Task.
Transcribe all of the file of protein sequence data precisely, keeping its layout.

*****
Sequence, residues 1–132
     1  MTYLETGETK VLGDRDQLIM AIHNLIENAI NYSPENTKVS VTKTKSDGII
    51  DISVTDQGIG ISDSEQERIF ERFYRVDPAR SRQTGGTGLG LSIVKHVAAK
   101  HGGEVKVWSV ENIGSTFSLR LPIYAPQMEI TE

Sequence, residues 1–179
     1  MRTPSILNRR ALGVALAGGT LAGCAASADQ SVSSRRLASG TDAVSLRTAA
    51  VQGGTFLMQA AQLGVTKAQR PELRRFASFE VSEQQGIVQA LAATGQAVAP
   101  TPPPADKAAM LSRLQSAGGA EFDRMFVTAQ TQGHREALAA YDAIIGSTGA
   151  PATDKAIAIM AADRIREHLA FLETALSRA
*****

Sequence, residues 1–132
     1  MTYLETGETK VLGDRDQLIM AIHNLIENAI NYSPENTKVS VTKTKSDGII
    51  DISVTDQGIG ISDSEQERIF ERFYRVDPAR SRQTGGTGLG LSIVKHVAAK
   101  HGGEVKVWSV ENIGSTFSLR LPIYAPQMEI TE

Sequence, residues 1–179
     1  MRTPSILNRR ALGVALAGGT LAGCAASADQ SVSSRRLASG TDAVSLRTAA
    51  VQGGTFLMQA AQLGVTKAQR PELRRFASFE VSEQQGIVQA LAATGQAVAP
   101  TPPPADKAAM LSRLQSAGGA EFDRMFVTAQ TQGHREALAA YDAIIGSTGA
   151  PATDKAIAIM AADRIREHLA FLETALSRA